As Fall starts to hit NYC, it makes me think back on the events of 2011 and what would be the most remembered and talked about. I am always curious to see who TIME names as their Person of the Year. Whether I agree or disagree with the decision, I am fascinated by the spectrum of people they consider.
TIME’s Person of the Year is bestowed by the editors on the person or persons who most affected the news and our lives, for good or ill, and embodied what was important about the year.
I thought to myself who best embodied these qualities in 2011 and I realized the answer was quite simple: Twitter.
Now the idea of naming Twitter as TIME’s Person of the Year has come up before of course. And non-people have won the award in the past: The Computer (1982), The Whistleblowers (2002), The America Soldier (2003) and don’t forget, You (2006), so its not a breakthrough thought.
But I really believe 2011 is the year that has solidified Twitter’s true importance in our culture, and in my own life. Frank Rose in The Art of Immersion says, “Though Twitter provides endless opportunities to be frivolous, it also provides a strong impetus to convey information of real value.”
When I look back at all the big events of 2011 they are all intrinsically tied to Twitter. Whether it was the earthquake in Japan, the Royal wedding, Charlie Sheen’s meltdown, the recent earthquake or Hurricane Irene – Twitter was my source for the most up-to-date information. The one event that cemented Twitter’s importance for me was the announcement that Osama Bin Laden had been killed. When I heard President Obama was going to be making a speech vital to the nation, I was captivated. But I reached frustration very quickly watching TV news organizations because they couldn’t be specific. Being someone who has become accustomed to receiving information instantly, frankly it drove me nuts. So of course I turned to Twitter and that’s where I found my answer. And guess what? It was right on.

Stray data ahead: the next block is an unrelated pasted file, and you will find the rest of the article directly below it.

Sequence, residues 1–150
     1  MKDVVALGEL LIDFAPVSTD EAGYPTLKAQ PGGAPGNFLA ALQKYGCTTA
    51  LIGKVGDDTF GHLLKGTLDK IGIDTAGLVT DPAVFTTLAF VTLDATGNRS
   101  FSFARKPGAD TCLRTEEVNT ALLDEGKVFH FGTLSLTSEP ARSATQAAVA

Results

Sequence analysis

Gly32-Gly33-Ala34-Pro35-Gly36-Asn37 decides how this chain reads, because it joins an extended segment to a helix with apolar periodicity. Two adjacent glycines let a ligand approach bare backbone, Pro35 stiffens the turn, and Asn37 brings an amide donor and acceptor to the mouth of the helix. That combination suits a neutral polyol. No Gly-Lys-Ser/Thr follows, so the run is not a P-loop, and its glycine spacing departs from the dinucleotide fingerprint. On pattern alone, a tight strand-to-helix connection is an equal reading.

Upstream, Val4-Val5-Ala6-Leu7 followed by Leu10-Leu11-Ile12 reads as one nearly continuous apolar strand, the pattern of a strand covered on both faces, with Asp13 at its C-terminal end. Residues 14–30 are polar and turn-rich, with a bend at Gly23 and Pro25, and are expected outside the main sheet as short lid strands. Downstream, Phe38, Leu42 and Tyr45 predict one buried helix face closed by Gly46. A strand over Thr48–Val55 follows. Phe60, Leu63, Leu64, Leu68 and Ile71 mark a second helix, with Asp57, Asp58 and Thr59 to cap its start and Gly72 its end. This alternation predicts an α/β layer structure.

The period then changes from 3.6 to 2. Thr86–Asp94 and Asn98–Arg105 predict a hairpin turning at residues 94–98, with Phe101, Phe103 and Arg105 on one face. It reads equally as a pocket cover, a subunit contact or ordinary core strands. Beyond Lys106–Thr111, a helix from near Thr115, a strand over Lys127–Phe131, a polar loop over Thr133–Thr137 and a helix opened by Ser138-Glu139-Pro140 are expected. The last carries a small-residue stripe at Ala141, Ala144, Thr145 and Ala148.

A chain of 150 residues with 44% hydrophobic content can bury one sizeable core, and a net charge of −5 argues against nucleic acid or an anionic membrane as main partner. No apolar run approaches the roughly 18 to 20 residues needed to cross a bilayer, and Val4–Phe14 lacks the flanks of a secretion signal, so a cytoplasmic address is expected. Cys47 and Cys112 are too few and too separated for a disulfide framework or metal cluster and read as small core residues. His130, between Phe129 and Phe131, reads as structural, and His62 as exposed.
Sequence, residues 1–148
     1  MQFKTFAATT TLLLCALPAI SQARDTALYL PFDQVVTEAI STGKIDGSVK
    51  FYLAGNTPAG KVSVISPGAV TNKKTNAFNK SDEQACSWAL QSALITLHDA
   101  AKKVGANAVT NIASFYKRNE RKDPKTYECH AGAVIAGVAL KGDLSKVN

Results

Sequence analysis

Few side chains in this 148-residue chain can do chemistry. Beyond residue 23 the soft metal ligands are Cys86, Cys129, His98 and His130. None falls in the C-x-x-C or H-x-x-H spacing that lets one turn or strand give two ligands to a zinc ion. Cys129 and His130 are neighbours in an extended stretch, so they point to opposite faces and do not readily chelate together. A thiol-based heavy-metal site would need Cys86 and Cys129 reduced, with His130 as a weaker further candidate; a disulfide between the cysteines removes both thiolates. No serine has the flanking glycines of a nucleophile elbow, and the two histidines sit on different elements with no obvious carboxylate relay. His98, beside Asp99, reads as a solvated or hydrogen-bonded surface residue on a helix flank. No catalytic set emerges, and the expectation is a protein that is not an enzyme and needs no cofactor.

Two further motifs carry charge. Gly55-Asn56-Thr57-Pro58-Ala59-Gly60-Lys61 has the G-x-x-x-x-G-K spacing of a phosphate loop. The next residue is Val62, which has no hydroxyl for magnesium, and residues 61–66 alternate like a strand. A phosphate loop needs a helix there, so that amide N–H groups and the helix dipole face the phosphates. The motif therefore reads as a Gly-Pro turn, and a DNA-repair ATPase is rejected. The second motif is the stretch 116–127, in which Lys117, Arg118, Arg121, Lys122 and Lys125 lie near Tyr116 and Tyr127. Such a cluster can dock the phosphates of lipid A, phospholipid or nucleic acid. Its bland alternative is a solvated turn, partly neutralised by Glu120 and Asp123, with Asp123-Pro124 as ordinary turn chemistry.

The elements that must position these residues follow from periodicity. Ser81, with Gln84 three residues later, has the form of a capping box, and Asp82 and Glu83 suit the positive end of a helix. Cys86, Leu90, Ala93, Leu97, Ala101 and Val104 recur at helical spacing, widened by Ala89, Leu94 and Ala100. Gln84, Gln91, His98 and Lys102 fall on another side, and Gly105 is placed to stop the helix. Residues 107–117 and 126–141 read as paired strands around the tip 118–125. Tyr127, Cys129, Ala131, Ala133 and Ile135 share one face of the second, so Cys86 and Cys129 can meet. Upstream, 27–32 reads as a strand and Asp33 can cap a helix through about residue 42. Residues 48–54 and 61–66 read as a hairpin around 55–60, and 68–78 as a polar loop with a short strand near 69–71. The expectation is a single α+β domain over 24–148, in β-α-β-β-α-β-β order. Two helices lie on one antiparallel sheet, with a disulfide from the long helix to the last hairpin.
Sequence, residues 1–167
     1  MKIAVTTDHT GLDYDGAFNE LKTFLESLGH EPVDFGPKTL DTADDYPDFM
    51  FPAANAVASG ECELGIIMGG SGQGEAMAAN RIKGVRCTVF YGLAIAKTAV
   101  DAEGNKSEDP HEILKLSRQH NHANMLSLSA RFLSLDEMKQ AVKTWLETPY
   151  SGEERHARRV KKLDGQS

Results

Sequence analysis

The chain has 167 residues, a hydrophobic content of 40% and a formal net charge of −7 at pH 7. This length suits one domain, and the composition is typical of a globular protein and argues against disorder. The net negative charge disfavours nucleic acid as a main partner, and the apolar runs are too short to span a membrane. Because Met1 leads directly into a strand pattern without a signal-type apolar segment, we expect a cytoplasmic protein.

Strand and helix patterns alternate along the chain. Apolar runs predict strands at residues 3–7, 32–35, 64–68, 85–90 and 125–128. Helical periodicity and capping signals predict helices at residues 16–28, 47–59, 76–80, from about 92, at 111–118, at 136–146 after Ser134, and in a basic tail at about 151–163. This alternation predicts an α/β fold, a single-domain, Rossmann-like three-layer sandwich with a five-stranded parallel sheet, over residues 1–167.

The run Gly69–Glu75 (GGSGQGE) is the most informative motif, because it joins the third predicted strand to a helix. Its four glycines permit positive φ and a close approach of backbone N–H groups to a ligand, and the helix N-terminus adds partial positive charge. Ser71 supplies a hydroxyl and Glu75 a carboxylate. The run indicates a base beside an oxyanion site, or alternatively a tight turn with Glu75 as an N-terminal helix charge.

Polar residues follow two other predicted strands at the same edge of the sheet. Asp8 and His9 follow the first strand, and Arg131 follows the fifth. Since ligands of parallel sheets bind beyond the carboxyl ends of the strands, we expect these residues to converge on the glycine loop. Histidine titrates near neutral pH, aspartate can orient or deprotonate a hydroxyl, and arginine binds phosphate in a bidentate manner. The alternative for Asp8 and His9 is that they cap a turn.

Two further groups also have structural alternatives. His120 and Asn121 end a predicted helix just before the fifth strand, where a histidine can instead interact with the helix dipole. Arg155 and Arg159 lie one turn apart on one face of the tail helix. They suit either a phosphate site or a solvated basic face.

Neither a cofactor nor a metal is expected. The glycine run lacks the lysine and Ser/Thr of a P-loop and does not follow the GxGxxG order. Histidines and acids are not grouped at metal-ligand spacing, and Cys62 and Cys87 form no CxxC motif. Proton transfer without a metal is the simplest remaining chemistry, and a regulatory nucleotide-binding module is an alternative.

As a hard-core news and information junkie, I scour countless resources online since I don’t trust any one source. But that’s why Twitter has become such a vital resource for me and many others. The collective voices that share our messages/stories on Twitter also serve as a way to vet the information so its even more reliable than the respected news organizations, who may be driving their own agendas. Twitter thrives with like-minded communities spreading ideas, so it is intrinsically more real-time than any other information source out there.
But I think the true power of Twitter is that it empowers individuals that the online world has literally never heard from before. Twitter’s model is so simple and accessible to everyone, making it ultra mobile. The cost threshold for participation is relatively low, the service is free to use — all you need is access to the Internet or a mobile phone.
As of April 2011, Twitter had about 200 million registered users. By June 2011, the number of monthly Twitter users was up 82% since the beginning of the year and they are on track to add another 26 million active users this year, equaling the total added in 2006 -2009 combined.
People argue that there is a lot of useless chatter on Twitter. They’re right, and that won’t stop. But even that useless chatter is a way for us to share our personal stories with the rest of the world and may provide someone, somewhere with some worthwhile information. Twitter will only become more popular as a means of people sharing ideas, information and their stories with the rest of the world.